Appealing A Social Security Disability Determination

If your disability claim is denied, you have the right to file an appeal of the denial. You have a sixty-five day total appeal period from the date of your disability denial notice to appeal your disability decision.

If you choose to file an appeal, you will file what is known as a request for reconsideration. You can file your own reconsideration online or you can complete paper reconsideration appeal forms. Whether you file your reconsideration online, or by paper, you must return signed medical release forms (so the disability examiner who eventually gets your case can send for the medical records) to Social Security. Just a reminder, even if you file everything online you must return your signed medical release forms in order for Social Security to send it back to the state disability agency for a decision.

The reconsideration appeal is sent to the same state disability agency (DDS, or disability determination services) that made your initial disability claim decision; however, a different disability examiner will make your reconsideration determination. Do not be discouraged if your reconsideration appeal is denied as well. There are very few reconsideration approvals, because disability examiners have very little flexibility in making their medical decisions.

For most disability applicants, the reconsideration appeal is simply a necessary step to eventually get to a disability hearing. If you receive a reconsideration denial notice, you once again have sixty-five days to file your request for a disability hearing.

As with the request for reconsideration, the request for a hearing can be done online or on paper. You can file the appeal and complete the disability report form online or on paper but, but unlike the reconsideration appeal, you do not actually have to return the medical release forms to Social Security in order for your appeal to be sent to the hearings office.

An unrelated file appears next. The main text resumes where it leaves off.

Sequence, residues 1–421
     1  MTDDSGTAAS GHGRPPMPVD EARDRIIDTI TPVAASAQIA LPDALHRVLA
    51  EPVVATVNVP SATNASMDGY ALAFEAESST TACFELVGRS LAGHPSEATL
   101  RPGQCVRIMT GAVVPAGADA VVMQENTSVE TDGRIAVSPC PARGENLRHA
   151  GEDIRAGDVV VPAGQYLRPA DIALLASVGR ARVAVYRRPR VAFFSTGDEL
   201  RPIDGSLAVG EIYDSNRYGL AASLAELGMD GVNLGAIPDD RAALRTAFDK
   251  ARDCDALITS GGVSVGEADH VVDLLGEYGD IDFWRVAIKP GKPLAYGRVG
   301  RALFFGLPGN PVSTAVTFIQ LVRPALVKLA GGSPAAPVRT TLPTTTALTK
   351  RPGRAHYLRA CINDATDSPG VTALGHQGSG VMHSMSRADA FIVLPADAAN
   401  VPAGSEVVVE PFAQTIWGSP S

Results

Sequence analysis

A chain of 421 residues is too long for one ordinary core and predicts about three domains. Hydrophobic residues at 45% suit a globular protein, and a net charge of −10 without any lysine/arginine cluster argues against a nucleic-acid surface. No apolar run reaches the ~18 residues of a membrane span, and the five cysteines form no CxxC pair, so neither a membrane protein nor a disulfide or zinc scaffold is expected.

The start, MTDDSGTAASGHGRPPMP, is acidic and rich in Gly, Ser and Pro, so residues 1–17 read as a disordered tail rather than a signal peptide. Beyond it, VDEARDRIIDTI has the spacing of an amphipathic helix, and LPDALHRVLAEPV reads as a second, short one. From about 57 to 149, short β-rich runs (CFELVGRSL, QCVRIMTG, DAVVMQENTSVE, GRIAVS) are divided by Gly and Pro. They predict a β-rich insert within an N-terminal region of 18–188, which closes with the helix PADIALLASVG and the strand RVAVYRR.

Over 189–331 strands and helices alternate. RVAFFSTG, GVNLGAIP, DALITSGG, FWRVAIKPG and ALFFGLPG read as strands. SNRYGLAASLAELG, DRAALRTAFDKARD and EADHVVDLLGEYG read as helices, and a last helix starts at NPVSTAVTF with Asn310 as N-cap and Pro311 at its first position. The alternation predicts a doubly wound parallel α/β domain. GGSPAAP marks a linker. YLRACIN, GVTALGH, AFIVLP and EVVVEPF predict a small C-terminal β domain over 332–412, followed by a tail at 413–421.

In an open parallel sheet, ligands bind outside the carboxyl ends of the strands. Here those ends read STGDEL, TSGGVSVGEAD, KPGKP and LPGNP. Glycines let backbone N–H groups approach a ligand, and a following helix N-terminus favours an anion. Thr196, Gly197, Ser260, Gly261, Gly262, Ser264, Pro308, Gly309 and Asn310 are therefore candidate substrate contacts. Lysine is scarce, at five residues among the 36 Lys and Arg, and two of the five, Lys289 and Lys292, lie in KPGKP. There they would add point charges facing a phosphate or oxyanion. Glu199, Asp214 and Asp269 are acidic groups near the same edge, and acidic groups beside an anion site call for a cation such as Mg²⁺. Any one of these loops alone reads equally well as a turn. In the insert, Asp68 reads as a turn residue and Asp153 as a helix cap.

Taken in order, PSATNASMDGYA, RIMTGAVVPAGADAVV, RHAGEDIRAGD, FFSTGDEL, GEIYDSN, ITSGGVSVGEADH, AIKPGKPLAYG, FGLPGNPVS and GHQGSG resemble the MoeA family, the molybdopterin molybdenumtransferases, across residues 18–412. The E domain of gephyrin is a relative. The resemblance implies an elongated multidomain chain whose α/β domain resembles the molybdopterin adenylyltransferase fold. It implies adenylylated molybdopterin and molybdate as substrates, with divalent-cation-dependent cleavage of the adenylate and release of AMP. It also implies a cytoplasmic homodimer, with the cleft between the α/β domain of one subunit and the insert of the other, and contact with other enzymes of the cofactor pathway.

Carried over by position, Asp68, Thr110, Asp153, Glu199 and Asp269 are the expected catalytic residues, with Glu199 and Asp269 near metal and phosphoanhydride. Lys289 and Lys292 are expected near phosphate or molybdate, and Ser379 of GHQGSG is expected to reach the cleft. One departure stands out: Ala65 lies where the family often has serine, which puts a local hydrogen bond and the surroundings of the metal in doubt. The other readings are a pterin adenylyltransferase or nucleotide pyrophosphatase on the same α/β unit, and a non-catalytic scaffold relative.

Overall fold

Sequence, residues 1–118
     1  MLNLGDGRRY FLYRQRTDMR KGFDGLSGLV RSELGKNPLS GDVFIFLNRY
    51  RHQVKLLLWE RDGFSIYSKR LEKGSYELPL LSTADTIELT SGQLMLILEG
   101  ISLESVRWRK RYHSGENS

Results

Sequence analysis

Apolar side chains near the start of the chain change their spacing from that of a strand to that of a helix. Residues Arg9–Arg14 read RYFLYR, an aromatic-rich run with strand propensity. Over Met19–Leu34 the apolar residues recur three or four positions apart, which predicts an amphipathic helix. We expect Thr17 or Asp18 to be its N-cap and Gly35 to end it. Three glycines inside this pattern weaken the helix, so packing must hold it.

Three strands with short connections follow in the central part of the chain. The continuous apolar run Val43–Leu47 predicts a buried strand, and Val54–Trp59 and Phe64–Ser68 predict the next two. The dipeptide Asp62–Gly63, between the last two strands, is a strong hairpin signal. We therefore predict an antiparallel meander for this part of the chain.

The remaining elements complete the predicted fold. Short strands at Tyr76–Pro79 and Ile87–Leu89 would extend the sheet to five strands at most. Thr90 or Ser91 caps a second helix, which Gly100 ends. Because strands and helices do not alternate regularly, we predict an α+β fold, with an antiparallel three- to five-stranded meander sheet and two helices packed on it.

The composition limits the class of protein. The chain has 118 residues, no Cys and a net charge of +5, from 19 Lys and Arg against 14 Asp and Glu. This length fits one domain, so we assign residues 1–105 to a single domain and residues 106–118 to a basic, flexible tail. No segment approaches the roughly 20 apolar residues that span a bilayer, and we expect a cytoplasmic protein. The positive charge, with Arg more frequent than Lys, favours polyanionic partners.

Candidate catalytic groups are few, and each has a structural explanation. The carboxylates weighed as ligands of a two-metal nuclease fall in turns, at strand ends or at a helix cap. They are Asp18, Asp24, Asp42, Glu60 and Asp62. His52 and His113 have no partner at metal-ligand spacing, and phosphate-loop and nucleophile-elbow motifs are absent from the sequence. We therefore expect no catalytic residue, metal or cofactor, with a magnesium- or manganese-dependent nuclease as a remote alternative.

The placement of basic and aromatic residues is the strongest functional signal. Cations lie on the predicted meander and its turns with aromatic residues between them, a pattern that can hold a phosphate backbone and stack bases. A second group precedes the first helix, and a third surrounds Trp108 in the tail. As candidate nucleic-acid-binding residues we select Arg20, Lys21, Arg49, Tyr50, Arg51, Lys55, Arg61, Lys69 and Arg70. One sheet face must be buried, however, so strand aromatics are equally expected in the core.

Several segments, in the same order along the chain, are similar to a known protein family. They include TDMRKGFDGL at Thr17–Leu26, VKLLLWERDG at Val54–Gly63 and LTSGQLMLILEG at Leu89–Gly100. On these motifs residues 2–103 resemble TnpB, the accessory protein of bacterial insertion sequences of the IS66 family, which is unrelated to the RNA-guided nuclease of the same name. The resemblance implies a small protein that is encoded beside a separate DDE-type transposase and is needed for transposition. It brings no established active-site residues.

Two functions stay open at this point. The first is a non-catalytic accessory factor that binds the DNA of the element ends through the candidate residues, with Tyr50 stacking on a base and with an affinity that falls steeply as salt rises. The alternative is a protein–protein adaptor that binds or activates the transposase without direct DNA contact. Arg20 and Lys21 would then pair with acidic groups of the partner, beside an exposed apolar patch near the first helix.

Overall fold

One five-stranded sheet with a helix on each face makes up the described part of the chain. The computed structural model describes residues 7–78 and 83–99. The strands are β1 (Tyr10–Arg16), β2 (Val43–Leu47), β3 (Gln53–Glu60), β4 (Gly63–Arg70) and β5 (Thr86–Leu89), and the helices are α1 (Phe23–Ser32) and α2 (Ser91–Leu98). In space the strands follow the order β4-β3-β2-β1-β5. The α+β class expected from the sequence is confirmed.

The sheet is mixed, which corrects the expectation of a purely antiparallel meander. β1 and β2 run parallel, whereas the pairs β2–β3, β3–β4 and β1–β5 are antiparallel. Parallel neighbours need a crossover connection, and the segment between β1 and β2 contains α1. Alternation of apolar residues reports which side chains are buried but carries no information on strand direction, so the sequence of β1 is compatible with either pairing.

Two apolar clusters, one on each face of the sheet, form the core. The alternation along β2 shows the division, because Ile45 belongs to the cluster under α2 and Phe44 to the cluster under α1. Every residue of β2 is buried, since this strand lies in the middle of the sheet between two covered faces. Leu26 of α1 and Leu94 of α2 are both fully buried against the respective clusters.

Administrative law judge hearings are an individual's best chance of winning their disability claim if they have been denied at the initial disability claim level (i.e. the disability application level). In fact, more individuals are approved at administrative law judge hearings than at any of the other disability claim levels. Roughly two thirds of all disability applicants who attend hearings are approved for disability.

What if you are not successful at your hearing? If you are denied at the administrative law judge hearing, you can file another type of appeal: an "Appeals Council Review". So few of these reviews end in an approval, or even in a remand back to the judge (remands occur when disability case are sent back for the judge to address errors) that Social Security allows individuals to file a new initial disability claim while they are waiting on the Appeals Council decision.

The last appeal level is in Federal Court, and very few disability claims are ever taken to this level. Most individuals file a new initial disability claim if their hearing is denied rather than try to take it to Federal court.

About the Author: Tim Moore is a former Social Security Disability Examiner in North Carolina, has been interviewed by the NY Times and the LA Times on the disability system, and is an Accredited Disability Representative (ADR) in North Carolina. For assistance on a disability application or Appeal in NC, click here.

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